Dubai: A shark catch monitoring study is needed in the UAE, say environmentalists who hope to get the project under way soon as the shark population continues to crash, unaided by myths surrounding the false benefits of shark fin.

The Emirates Wildlife Society-WWF is currently working on a proposal for a proper assessment of shark catch, import and export from the UAE as well as conducting a study on the different species of shark present in the UAE.

Sharks are suffering a rapid decline due to a false notion that their fins, commonly prepared as a soup, can induce good health and sexual prowess.

It is also seen as a sign of wealth and prestige in Asian culture, with tonnes of sharks finned for this market. Illegal fishing can seem quite lucrative to poor fishermen when a pound of shark fin can sell for $200 (Dh735.60).

Shark finning is deemed particularly brutal by environmentalists, as in some cases, sharks are thrown back into the sea, finless - as the meat is worth less than the fins - and they are made to suffocate to death, unable to swim or move.

Major exporters

According to the Food and Agriculture Organisation (FAO), the UAE is one of the main Middle East exporters of shark fins to Hong Kong, exporting around 400-500 tonnes per year between 1998 and 2000.

The latest figures from 2003 show that shark catch went up to 3,060 tonnes a year in the UAE.

"The UAE is an import-export hub, though it is not clear whether the number of shark fins exported originate entirely from the UAE or are just passing through the country," said Dr Christophe Tourenq, science and research manager for EWS-WWF.

Shark catch in Yemen is also particularly high at 7,250 tonnes a year.

"The UAE and Oman have banned the process of bringing only shark fins back to shore. The whole fish should be landed. This is to minimise the number of sharks finned at sea and thrown back. Outside territorial waters, though, it's impossible to monitor what goes on," said Tourenq.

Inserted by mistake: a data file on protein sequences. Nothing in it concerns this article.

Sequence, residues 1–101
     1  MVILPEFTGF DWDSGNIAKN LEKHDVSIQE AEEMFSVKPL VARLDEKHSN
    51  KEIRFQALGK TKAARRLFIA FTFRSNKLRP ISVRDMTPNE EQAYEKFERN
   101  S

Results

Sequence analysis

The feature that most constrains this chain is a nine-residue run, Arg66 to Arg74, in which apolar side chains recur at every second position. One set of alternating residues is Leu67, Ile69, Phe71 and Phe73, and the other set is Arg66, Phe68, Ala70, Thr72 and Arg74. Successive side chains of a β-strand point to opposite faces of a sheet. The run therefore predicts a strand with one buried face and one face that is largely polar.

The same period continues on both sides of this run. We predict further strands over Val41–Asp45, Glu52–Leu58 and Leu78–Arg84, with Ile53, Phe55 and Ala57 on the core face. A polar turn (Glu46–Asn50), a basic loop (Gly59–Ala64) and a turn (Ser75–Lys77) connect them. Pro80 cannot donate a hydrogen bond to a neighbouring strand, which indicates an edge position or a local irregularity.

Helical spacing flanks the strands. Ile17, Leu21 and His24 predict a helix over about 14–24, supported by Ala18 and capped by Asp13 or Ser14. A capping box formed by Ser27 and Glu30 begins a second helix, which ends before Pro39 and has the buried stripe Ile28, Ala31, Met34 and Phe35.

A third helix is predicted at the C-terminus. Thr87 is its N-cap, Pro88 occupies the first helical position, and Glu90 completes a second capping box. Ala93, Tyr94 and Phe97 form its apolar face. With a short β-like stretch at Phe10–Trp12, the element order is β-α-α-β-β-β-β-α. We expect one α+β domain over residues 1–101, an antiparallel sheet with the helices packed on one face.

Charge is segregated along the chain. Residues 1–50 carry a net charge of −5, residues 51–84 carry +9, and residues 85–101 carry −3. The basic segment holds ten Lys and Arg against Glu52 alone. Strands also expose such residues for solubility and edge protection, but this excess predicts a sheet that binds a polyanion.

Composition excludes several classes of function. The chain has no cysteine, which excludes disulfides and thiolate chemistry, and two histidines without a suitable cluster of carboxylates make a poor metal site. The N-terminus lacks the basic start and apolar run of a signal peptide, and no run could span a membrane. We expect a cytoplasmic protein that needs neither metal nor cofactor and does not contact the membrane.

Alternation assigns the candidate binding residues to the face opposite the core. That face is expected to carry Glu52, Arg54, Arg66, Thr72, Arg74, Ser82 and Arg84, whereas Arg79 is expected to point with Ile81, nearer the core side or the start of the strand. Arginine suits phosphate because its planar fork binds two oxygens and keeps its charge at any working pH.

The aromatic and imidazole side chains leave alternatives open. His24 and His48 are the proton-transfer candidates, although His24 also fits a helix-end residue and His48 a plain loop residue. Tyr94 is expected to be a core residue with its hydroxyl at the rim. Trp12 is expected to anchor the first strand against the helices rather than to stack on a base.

Shark products are not banned, so shark fin soup will most likely feature on restaurant menus for many years, but at what cost?

"It is clear today that catching sharks has gone beyond anything close to being sustainable. If some communities use them for their own needs fine, but the market demands have become so commercial that it is a real burden on shark populations," said Dr Tourenq.

Sharks are unusually sensitive to fishing because their populations grow so slowly, a consequence of reaching sexual maturity late and producing few young ones.

More than half of the world's pelagic sharks and rays are under threat of extinction because of habitat destruction, overfishing of their preys or themselves, according to the International Union for Conservation of Nature (IUCN).

According to Tourenq, there is a need for clarity and updated information. In the UAE, there should be about 46 species of sharks and rays, but a lot of these species' biology and behaviour are unknown, he said.

Protective legislations for overfishing are minimal. The Convention on International Trade of Endangered Species (CITES), of which the UAE is a signatory, applies only to whale-sharks.

The Convention on Migratory Species (CMS) has also been concerned only with whale sharks so far. Dr Tourenq says the UAE is in discussion to integrate the CMS.

In the UAE, Article 29 of Federal Law 23 states: "The Minister shall determine the banned species of fish and marine creatures for catching, extracting their eggs, skin or fins or for any other purposes."

Fin Soup

Shark Fin Soup sources: Major players in import, export and trade of sharks by Traffic Oceania

  • Top 5 importers (%)
    Spain 15.1
    Korea 14.5
    China, Hong Kong SAR 11.6
    Mexico 10.1
    Italy 8.8
  • Top 5 catch production (%)
    Indonesia 14.2
    Taiwan 7.8
    India 7.4
    Spain 7.2
    USA 4.1
  • Top 5 exporters (%)
    Taiwan 20.5
    Spain 13.4
    Costa Rica 6.7
    Chile 6.3
    UK 5.4